“All we need’s a couple of pairs halfway up,” I assured him. “The rest will be right out in front.” 

“In that open, muddy stretch?” demanded Weesner. 

“Yep. I’ve got the right medicine for them here,” I told him, patting a bulging jacket pocket. “Down! Here come crows!” 

And come they did—half a dozen big, burly fellows, bulging with the fine fare from neighboring farms, their feathers gleaming with health. They came straight at us with a carelessness bred of long immunity from gunfire. Even when we rose as one man they hung stupidly above us, until the guns spoke. Three birds spun down in the first blast, then two more. The survivor wobbled a bit, then slanted steeply into the Miami, raising a three-foot splash as it hit. 

“Get them in here,” I said. “We need them for decoys.” 

Using a pencil-thick elm twig like an ice pick, I punctured the chest of each bird, ran the twig inside the loose skin of the neck, and jabbed it sharply into the skull. Withdrawing it, I replaced it with a willow shoot. Then I reached into my jacket pocket and came up with some thin rubber bands. Two of these went around each bird, holding the wings snug to the body. 

“Stick these into the mud, to look like birds that are feeding and resting,” I told the two Rays. “Scatter ’em about thirty yards out, right in front of the blind.” 

They hadn’t been back but a minute or two before more crows came over the high ridge to our left. Spying our decoys, they folded their wings, falling fifty and sixty yards at a time, until they were less than a dozen feet off the ground. That’s when I hit them with a fighting call. Their lazy wings leaped into a new tempo, and in a dozen strokes they were within easy range. Four stayed and were set out with the other decoys to lure in their fellows.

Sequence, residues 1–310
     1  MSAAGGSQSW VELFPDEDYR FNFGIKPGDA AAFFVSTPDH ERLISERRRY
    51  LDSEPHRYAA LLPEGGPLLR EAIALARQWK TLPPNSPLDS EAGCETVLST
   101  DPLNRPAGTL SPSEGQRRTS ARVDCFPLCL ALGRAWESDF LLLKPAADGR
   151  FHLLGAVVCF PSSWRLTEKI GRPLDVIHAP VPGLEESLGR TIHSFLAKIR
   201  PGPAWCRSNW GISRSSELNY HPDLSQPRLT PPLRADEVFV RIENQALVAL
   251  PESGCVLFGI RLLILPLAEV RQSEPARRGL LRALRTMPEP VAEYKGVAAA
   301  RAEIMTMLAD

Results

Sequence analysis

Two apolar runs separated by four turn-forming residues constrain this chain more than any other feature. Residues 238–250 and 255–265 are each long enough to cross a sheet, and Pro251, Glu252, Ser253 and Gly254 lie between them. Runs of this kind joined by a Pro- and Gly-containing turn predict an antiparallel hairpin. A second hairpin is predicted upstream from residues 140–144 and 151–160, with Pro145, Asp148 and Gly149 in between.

The September 1950 cover featured a painting by J.F. Kernan. Outdoor Life

Weesner goggled at the way crows fell out of the sky to join the steadily growing spread of lifelike birds we planted. Two lightly winged cripples, staked out on a short length of black fishline, gave the spread all the animation it needed. All the decoys were at least three feet apart, and the average spacing was closer to nine. 

When birds came in, we let them drop just short of the last swoop before landing. Then we’d give the raucous yell of a crow in distress—just as if some crow in the brush behind us had suddenly come upon crowdom’s dread enemy, a great horned owl. Those newcomers couldn’t pour on the coal fast enough in their effort to join in the gang attack! 

It lacked only an hour of twilight before I yielded to Johnson’s urging that we hang some of our decoys in the cottonwoods behind us. By this time the birds were more interested in going directly into the roost than in swooping down on the muddy flats, so the dead birds brought them more squarely across our blind. 

Darkness found us fumbling around for crow carcasses—not for decoys any more, but because their heads are worth two bits apiece in Ohio bounty. At that rate, the black rascals do a nice job of paying for the shotgun shells that end their thieving careers.

Read more OL+ stories:
This Is Why I Won’t Duck Hunt Alone Anymore, From the Archives
Nightmare on Missinaibi Lake, a Survival Story From the Archives

The post Hunting Crows with a Cowbell, From the Archives appeared first on Outdoor Life.